Routing Bit Set on this LSA in topology Base with MTID 0
  LS age: 76
  Options: (No TOS-capability, DC)
  LS Type: AS External Link
  Link State ID: 7.7.7.7 (External Network Number )
  Advertising Router: 4.4.4.4
  LS Seq Number: 80000001
  Checksum: 0xA44F
  Length: 36
  Network Mask: /32
        Metric Type: 2 (Larger than any link state path)
        MTID: 0
        Metric: 20
        Forward Address: 0.0.0.0
        External Route Tag: 4294967295

Once again, IOS and IOS-XR have the same behaviour.

Notes

  • Unlike parts 1 and 2 of this blog, IOS and IOS-XR finally show identical behaviour when it comes to loop prevention.

Cisco LNS-LAC basic configuration

I’ve been testing some vpdn features and thought I would put the topology up here for others to play with.
Click the image to see full size.
LAC LNS2 300x135 Cisco LNS LAC basic configuration
R1 and R2 are acting as P routers. R10 is the LNS controlled by you, the ISP. R5 and R6 and LACs located in the carrier’s network (BT in my example) R8 and R9 are customer devices connected to their local exchange.

I’ll show some relevant relevant configuration on the basics of the CPE, LAC and LNS. This won’t be an in depth post. Also there are many ways to configure this, I’m simply showing a quick and easy working config for you to play with.

CPE

Customer config is standard config. It will submit a username and password over PPP. It will also create a default route to the PPP interface:

interface Serial1/0
 ip address negotiated
 encapsulation ppp
 ppp pap sent-username [email protected] password 0 password
!
ip route 0.0.0.0 0.0.0.0 Serial1/0

LAC

This will be the device that will be forming l2tp tunnels to your LNS. In order for these l2tp tunnels to come up your LNS and LAC will need to have ip reachability to each other. In this network they are on the same subnet. Generally you would use BGP for this.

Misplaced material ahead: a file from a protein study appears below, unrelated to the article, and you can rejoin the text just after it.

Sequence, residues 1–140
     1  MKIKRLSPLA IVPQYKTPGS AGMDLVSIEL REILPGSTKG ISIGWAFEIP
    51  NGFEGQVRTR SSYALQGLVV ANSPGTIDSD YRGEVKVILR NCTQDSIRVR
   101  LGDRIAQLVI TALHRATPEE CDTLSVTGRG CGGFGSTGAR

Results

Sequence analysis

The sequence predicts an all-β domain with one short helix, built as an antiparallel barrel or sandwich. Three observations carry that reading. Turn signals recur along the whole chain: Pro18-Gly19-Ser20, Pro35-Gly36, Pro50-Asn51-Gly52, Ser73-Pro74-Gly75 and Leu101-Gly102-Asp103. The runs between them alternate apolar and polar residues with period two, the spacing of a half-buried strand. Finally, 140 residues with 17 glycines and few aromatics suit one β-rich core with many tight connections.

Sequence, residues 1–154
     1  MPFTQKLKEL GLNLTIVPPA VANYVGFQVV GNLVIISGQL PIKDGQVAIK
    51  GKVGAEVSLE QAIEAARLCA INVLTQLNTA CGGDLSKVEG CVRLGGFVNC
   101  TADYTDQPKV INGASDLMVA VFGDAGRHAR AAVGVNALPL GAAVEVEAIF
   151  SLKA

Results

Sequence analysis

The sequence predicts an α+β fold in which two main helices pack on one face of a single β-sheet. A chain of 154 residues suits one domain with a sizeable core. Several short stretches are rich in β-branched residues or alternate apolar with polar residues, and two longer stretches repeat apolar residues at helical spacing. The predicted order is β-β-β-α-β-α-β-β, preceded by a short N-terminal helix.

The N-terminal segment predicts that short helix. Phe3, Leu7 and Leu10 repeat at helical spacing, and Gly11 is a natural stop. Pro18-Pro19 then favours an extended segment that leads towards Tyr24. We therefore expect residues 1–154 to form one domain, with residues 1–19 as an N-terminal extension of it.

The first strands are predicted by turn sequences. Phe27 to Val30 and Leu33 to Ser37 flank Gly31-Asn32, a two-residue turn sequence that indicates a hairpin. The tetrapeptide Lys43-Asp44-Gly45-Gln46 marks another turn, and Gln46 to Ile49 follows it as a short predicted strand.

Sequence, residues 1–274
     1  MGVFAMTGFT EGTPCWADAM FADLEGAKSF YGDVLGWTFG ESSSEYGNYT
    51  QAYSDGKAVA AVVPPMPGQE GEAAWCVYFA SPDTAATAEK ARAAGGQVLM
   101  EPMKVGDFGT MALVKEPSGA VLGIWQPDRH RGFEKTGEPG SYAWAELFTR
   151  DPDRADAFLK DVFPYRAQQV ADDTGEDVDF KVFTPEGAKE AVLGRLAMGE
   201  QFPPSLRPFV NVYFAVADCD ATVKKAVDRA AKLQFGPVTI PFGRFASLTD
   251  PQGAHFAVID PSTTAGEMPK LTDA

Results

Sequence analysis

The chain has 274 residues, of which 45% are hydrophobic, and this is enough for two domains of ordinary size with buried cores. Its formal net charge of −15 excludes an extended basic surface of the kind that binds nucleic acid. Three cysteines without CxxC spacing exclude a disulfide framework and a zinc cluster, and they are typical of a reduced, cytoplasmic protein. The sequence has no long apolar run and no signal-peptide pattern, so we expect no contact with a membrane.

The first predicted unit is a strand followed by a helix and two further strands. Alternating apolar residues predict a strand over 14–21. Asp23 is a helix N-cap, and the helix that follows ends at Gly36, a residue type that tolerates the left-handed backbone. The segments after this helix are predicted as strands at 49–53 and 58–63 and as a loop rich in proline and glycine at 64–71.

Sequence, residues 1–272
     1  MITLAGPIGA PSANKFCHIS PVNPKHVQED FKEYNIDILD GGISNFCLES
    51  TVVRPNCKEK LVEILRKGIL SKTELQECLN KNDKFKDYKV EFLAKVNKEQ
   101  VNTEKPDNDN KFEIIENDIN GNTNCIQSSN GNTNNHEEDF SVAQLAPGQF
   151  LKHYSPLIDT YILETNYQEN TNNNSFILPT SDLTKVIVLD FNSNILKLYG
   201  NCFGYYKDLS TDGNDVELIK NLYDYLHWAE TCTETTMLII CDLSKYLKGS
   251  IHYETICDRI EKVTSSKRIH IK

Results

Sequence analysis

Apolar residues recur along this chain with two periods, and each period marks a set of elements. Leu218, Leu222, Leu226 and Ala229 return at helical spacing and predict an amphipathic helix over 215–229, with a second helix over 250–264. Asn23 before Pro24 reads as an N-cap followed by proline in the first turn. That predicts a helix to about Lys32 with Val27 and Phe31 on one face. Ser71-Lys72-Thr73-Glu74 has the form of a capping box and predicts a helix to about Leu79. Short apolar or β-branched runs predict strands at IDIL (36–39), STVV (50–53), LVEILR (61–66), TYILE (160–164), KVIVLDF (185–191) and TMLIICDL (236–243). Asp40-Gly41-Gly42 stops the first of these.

aaa new-model
!
vpdn enable
vpdn search-order domain
!
vpdn-group TESTNETWORK
 request-dialin
  protocol l2tp
  domain network.com
 initiate-to ip 10.0.0.10
 local name 21CN
 l2tp tunnel password 0 password
!
interface Serial1/0
 no ip address
 encapsulation ppp
 ppp authentication pap callin
 serial restart-delay 0
!
interface GigabitEthernet2/0
 ip address 10.0.0.5 255.255.255.0

Any PPP request coming in will be sent to the correct LNS. It determines this by domain name. The domain used above is network.com – I can add more groups, each using a different domain and terminating on a different LNS.

LNS

Finally the LNS itself. I’ve set this one up to authenticate the PPP session and give out IP addresses locally. In the real world this would be sent off to two or more radius servers. I’ve got a separate post on how to use radius to do this.

vpdn enable
!
vpdn-group 21CN
 accept-dialin
  protocol l2tp
  virtual-template 1
 terminate-from hostname 21CN
 l2tp tunnel password 0 password
!
username [email protected] password 0 password
!
interface Loopback0
 ip address 10.10.10.10 255.255.255.255
!
interface GigabitEthernet2/0
 ip address 10.0.0.10 255.255.255.0
!
interface Virtual-Template1
 ip unnumbered Loopback0
 peer default ip address pool POOL
 ppp authentication pap callin
!
ip local pool POOL 192.168.1.1 192.168.2.254
!
router ospf 1
 redistribute connected subnets

Testing

When R8 starts up, it will bring up its PPP interface and send that towards The LAC. When the LAC receives that PPP request, it will note the domain name and call up the correct vpdn group. It will create a l2tp tunnel towards the correct LNS. That PPP request is then passed to the LNS who is currently configured to authenticate locally. It will then hand an IP address over PPP to the CPE. The LNS will then have a connected route to that CPE. The LNS is redistributing connected routes into OSPF currently.

The end result is that devices in the core network will be able to reach the CPEs and vice-versa. The hop from the LNS to the CPE will look like a single hop as its going over an l2tp tunnel.

CPE

R8#sh ip int s1/0
Serial1/0 is up, line protocol is up
  Internet address is 192.168.1.3/32
  Broadcast address is 255.255.255.255
  Address determined by IPCP
  Peer address is 10.10.10.10

LNS

R10#sh ip route 192.168.1.3
Routing entry for 192.168.1.3/32
  Known via "connected", distance 0, metric 0 (connected, via interface)
  Redistributing via ospf 1
  Advertised by ospf 1 subnets
  Routing Descriptor Blocks:
  * directly connected, via Virtual-Access2.1
      Route metric is 0, traffic share count is 1

R10#sh ip int Virtual-Access2.1
Virtual-Access2.1 is up, line protocol is up
  Interface is unnumbered. Using address of Loopback0 (10.10.10.10)
  Broadcast address is 255.255.255.255
  Peer address is 192.168.1.3

P router

R1#sh ip route 192.168.1.3
Routing entry for 192.168.1.3/32
  Known via "ospf 1", distance 110, metric 20, type extern 2, forward metric 1
  Last update from 10.0.13.3 on FastEthernet1/0, 00:13:12 ago
  Routing Descriptor Blocks: